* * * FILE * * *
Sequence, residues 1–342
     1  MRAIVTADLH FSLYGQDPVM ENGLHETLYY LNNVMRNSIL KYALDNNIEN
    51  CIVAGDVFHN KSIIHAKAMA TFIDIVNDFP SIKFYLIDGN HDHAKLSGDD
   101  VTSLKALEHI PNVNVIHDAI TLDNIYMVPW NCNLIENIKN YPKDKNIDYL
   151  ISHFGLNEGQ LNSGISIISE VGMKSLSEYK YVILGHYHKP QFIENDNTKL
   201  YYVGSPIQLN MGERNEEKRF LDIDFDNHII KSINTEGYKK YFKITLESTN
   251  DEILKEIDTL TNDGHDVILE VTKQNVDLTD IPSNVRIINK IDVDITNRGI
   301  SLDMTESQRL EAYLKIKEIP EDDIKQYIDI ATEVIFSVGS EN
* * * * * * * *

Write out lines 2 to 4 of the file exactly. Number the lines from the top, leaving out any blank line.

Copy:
     1  MRAIVTADLH FSLYGQDPVM ENGLHETLYY LNNVMRNSIL KYALDNNIEN
    51  CIVAGDVFHN KSIIHAKAMA TFIDIVNDFP SIKFYLIDGN HDHAKLSGDD
   101  VTSLKALEHI PNVNVIHDAI TLDNIYMVPW NCNLIENIKN YPKDKNIDYL